These companies seek to serve their communities by providing meaningful work and decent wages for their workers, as well as providing vital services to their patrons at reasonable rates. They are for-profit companies, and Craven says there is nothing wrong with that.

“Making money is not the purpose of business, just as breathing is not the purpose of living. But try living without breathing – it’s not fun,” he said. “As Christians, we absolutely believe in the redistribution of wealth, but the voluntary redistribution of wealth, not forced redistribution by the state. Governments don’t create wealth; they take wealth.”


Michael Craven // Founder and CEO of The Good-Works Company

Joey Turner // Owner of Brewed Coffee

Kelsey McLain // Founder of ShopMieux

Byron Sanders // Executive Director of the Dallas Education Foundation

Trey Bowles // CEO of The DEC, Founder of the Mayor Star Council, Professor of                   Entrepreneurship at Southern Methodist University

Q: How can churches make a difference in the marketplace right now?

Turner: “It’s not about your church’s name recognition; it’s about Christ’s renown. People don’t need to know that it’s from your local Church in order for it to make a difference for the Kingdom.”

Q: How do you partner your business with the Gospel and helping others?

McClain: “We donated 20,000 pounds of clothing to a woman’s shelter ... I also came to realize that God gave me understanding of fashion and clothing, as well as talent with the internet, and I am called to use those two gifts as both a community and Kingdom effort.”

Q: What aspect of business builds the Kingdom the most?

Craven: “Setting right what sin has set wrong ... Business provides a context in which Christians can address the brokenness of the world. So, business provides the restoration of human dignity, and it helps them grow in their awareness of their identity.”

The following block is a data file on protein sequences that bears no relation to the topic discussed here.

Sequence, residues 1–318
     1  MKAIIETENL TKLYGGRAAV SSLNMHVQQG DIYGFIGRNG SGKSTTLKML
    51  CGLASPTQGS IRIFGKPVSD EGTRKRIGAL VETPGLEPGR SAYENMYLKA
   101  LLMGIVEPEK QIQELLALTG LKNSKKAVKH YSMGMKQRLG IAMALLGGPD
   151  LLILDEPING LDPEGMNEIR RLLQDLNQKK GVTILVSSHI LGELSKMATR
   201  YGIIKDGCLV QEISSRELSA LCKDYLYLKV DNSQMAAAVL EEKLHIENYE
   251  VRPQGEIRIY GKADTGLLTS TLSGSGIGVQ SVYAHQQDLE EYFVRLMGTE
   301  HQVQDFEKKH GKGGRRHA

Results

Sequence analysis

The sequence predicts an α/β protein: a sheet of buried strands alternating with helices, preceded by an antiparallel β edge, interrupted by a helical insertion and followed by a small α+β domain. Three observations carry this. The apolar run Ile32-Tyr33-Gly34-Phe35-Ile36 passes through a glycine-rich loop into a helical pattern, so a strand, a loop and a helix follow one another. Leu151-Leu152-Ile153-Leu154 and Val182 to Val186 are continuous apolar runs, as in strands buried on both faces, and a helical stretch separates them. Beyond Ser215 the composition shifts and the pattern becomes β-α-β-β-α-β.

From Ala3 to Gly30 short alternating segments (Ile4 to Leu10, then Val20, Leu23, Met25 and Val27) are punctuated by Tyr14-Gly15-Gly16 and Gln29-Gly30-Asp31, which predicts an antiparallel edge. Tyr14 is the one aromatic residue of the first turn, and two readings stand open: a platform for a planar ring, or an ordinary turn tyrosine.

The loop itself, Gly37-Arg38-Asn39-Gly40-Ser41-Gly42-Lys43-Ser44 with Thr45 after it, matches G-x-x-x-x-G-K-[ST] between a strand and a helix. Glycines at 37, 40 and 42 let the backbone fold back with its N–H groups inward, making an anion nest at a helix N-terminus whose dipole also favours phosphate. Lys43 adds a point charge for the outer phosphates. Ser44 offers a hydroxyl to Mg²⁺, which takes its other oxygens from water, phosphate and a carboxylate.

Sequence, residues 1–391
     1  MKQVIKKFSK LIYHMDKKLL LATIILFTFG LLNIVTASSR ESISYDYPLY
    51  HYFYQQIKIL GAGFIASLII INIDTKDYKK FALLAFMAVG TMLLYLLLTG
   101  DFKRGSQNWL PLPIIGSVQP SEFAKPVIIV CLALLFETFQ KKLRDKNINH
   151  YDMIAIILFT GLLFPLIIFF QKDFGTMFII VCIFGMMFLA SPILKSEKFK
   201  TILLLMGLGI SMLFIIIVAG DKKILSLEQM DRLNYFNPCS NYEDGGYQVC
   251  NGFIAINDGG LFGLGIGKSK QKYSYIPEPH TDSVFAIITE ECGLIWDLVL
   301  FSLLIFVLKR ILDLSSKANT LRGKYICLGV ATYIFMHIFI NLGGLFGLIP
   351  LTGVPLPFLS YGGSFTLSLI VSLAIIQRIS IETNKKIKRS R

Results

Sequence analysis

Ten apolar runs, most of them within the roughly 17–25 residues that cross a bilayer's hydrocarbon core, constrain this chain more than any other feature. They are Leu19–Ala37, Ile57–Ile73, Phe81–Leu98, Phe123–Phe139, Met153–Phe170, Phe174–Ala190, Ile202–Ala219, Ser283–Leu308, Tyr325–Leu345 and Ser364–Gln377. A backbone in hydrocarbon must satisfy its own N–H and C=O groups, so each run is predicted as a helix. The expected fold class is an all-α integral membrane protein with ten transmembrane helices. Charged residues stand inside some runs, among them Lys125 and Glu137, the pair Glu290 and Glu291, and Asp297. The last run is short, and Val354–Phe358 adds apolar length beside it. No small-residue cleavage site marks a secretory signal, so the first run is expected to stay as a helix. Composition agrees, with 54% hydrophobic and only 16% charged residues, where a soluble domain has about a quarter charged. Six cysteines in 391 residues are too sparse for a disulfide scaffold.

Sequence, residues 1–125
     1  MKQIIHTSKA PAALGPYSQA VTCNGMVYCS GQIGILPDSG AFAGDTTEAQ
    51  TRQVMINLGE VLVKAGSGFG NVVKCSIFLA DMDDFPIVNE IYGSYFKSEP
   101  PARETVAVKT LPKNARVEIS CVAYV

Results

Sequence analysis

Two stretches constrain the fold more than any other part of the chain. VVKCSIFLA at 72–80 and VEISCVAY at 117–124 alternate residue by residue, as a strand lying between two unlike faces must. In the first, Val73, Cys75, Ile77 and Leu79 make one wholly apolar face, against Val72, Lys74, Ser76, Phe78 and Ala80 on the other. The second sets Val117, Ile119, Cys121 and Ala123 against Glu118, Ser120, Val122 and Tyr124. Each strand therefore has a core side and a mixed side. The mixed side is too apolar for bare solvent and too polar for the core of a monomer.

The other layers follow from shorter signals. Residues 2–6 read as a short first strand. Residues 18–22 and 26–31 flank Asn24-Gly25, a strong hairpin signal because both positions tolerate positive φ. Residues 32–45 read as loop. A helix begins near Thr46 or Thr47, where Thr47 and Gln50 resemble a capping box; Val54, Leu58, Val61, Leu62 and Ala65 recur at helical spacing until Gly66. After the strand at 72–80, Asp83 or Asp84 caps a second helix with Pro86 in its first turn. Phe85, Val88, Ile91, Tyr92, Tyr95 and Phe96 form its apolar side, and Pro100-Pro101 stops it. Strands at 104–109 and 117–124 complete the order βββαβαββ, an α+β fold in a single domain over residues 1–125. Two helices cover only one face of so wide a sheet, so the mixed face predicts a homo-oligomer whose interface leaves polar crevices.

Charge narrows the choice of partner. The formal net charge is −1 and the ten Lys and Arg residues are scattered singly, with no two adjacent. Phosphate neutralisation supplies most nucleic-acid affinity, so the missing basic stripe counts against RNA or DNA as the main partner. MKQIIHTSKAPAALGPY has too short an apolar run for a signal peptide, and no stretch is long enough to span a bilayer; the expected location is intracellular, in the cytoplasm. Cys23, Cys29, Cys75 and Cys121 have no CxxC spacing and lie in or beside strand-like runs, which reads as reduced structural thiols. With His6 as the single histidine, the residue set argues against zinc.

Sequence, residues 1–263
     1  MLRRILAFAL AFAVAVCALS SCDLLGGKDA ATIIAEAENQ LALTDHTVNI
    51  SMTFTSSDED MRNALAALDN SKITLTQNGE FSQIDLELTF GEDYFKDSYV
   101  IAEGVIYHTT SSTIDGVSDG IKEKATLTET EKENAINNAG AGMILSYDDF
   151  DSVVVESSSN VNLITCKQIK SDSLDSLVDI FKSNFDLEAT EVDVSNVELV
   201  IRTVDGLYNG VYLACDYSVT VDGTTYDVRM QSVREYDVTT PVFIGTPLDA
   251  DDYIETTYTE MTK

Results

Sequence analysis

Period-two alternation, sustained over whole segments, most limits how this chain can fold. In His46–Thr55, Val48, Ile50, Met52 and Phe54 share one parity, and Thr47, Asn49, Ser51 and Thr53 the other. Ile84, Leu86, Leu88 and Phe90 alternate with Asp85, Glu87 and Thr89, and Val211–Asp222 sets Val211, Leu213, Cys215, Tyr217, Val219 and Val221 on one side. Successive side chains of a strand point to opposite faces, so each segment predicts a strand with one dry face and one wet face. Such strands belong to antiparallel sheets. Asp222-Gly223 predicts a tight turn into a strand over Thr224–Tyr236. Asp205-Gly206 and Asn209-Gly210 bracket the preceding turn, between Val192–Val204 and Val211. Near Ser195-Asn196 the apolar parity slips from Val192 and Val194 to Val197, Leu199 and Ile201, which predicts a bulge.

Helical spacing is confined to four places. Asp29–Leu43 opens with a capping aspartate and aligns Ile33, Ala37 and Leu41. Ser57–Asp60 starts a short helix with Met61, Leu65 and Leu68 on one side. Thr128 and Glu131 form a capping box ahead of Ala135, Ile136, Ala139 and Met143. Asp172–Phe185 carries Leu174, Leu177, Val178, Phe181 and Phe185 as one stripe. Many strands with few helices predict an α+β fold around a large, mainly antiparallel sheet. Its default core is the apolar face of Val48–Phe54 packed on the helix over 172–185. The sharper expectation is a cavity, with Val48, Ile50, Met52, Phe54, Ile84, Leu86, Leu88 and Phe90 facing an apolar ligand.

Q: In what moment did you realize that your business was making an impact?

Sanders: “I planned to climb the corporate ladder and do some good in the community. Then I read a book called ’30 Days To Live,’ and it became clear that I needed to follow my passion: tutoring and mentoring ... When God made it clear to me to leave my job, I didn’t have the right to say ‘Let me save up.’ He said, “No, go now. I’m not going to send you on a mission without the arsenal to finish it.’ ... You’ll never see God show up for you any more clearly than when you have stepped out for him.”

Q: If you could give advice to your 22-year-old self, what would it be?

Bowles: “I wanted to be a millionaire by age 30, but I was chasing after the wrong thing ... I was developing the Mayor’s Star Council when I heard about Free City International, a ministry that works with Refugees. God used this organization to correct my priorities. He said, ‘If you think for one second that your goal is to create a 50-year organization and hang out with the mayor, you’re wrong. In three years, a Sudanese woman will accept Christ on the soccer field with Free City International.’ And that’s his perspective. Worldly benefit is not the purpose behind our work.”



The Good-Works Company |

Brewed Coffee |

Movement Day Greater Dallas |